Project Miatabusa – Part 2: The Engine Is IN!
by Dave Coleman
A few short months ago, when we introduced project Miatabusa, (part 1 is here) it was little more than a reasonably well thought out concept. We had measured some things, made a rough SolidWorks model of what we thought a Hayabusa engine mated to a Miata transmission might look like, and confidently put our Miata's original engine on Craigslist. We had a plan, but in all honesty, it still didn't seem that real.
Well kids, we've cut metal and bolted an actual Hayabusa engine to our transmission using an actual billet adaptor plate. This shit is officially real. Before the back-slapping begins, lets step back and look at the concept again.
The idea of using the Hayabusa's built-in 6-speed sequential dogbox was rejected early on. Experience has shown that bike transmissions wear out too quickly when subjected to car-sized loads. Experience has also shown that not having reverse is less convenient in a car than it is on a bike.
Bolting a Miata flywheel to the Hayabusa's crank was also rejected. Not only is the 11,000-rpm powerband a poor match for the Miata's gearbox, but the crank doesn't have any provisions for anything as big as a flywheel on the end. Both ends of the crank are small, like the front of a car crankshaft.
Like nearly all motorcycles, power transfer from the crank to the gearbox is through a big gear, and in the Hayabusa's case, the gear reduces speed (and multiplies torque) by a factor of 1.596:1. This is where the Hayabusa's clutch resides, and this is where we decided to put our flywheel–on what was once the bike transmission's input shaft.
This solution keeps the maximum revs coming into the Miata transmission down to a very manageable 6900 rpm, virtually identical to the engine it was designed to support. This should keep flywheels from exploding, synchros from protesting, and powerbands from being horribly out of step with the needs of a car.
Starting with this assumption, we made a rough SolidWorks model of the Hayabusa engine, with a Miata bellhousing pattern centered on the Hayabusa's clutch shaft. After a few measurements, it became clear that this layout posed a problem. The Miata's steering rack went right through the Hayabusa's sump. Not cool.
Rev B. solved these problems by rotating the engine so the offending portion of the sump sits above the rack, and ditching the compact Hayabusa starter, which sadly has a not-so-compact gear drive that pushed the engine an inch and a half farther forward than otherwise necessary. The plan, at this point, was to use the Miata starter to spin the miata flywheel (a task for which it is uniquely suited).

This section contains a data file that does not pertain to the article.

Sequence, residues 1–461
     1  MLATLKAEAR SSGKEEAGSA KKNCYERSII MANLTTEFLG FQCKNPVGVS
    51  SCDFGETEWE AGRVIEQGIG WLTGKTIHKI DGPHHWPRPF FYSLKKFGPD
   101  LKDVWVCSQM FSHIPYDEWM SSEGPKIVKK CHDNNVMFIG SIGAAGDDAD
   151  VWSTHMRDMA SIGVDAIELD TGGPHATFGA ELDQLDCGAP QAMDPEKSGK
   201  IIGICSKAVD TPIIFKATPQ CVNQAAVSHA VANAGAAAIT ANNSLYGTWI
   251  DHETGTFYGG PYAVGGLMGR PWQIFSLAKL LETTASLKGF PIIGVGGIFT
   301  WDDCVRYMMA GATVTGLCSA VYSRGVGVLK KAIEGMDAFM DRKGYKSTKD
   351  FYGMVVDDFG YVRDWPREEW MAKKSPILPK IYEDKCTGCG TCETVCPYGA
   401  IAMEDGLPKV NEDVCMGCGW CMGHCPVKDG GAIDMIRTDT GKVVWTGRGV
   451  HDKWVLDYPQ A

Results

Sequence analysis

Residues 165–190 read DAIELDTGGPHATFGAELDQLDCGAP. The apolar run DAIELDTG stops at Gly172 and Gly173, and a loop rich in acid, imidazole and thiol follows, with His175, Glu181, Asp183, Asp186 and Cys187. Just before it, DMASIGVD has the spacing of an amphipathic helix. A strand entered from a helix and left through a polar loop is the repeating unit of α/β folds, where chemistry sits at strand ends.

|Our original concept looked roughly like this, with the engine leaned toward the passenger's side at the same angle it normally leans (to the front) in the bike. Rotating the engine until it was vertical helped clear the steering rack.||The perspective in this view is different, but the flat section on top of the green bellhousing plate will be horizontal in the car. The big pink gear is the power takeoff gear. The yellow structure behind that is an adaptor that bolts to the clutch cover mount, and the green plate mates to the bellhousing.|
Removing the Hayabusa starter's gear reduction box exposed the back of the crank. We had to seal it back up to keep oil from gushing out the hole, so we took the opportunity to solve two problems at once. Our new design is in two pieces. The first piece, which replaces the Hayabusa's clutch cover, will hold a giant double-row ball bearing that supports a flywheel shaft and the big power takeoff gear. Behind that, we'll bolt up a bellhousing adaptor plate.
The clutch cover wasn't load bearing, though, so it was held on with tiny, 6mm bolts, and the bosses those bolts thread into are thin and delicate. In its new role as a car engine, this flange has to withstand not only the torque reaction forces from the engine's output, but also some substantial bending loads from the weight of the transmission. To help address this, we decided to use the bellhousing plate to cover that gaping hole at the nose of the crank. This second ring of bolts (and a few alignment dowels) well offset from the flywheel centerline will help take those torque reaction forces.
Theories and solid models are fun and all, but the real sexy stuff comes when you start smelling cutting oil. Turn the page, hit the jump, click on the tiny little “next page” down there, and take a look at how it all works out.